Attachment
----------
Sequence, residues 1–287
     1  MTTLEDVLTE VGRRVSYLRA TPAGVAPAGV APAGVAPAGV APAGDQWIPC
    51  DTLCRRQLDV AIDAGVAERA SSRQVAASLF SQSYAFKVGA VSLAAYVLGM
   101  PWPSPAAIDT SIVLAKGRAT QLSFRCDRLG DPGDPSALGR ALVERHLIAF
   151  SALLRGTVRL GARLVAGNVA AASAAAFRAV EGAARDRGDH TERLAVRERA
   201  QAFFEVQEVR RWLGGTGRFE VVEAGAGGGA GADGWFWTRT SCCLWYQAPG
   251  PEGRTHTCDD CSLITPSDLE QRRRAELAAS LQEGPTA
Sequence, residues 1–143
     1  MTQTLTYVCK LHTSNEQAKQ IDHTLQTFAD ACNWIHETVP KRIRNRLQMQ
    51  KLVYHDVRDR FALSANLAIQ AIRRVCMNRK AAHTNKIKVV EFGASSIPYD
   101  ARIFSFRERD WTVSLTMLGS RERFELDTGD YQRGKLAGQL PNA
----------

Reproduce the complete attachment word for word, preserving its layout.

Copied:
Sequence, residues 1–287
     1  MTTLEDVLTE VGRRVSYLRA TPAGVAPAGV APAGVAPAGV APAGDQWIPC
    51  DTLCRRQLDV AIDAGVAERA SSRQVAASLF SQSYAFKVGA VSLAAYVLGM
   101  PWPSPAAIDT SIVLAKGRAT QLSFRCDRLG DPGDPSALGR ALVERHLIAF
   151  SALLRGTVRL GARLVAGNVA AASAAAFRAV EGAARDRGDH TERLAVRERA
   201  QAFFEVQEVR RWLGGTGRFE VVEAGAGGGA GADGWFWTRT SCCLWYQAPG
   251  PEGRTHTCDD CSLITPSDLE QRRRAELAAS LQEGPTA
Sequence, residues 1–143
     1  MTQTLTYVCK LHTSNEQAKQ IDHTLQTFAD ACNWIHETVP KRIRNRLQMQ
    51  KLVYHDVRDR FALSANLAIQ AIRRVCMNRK AAHTNKIKVV EFGASSIPYD
   101  ARIFSFRERD WTVSLTMLGS RERFELDTGD YQRGKLAGQL PNA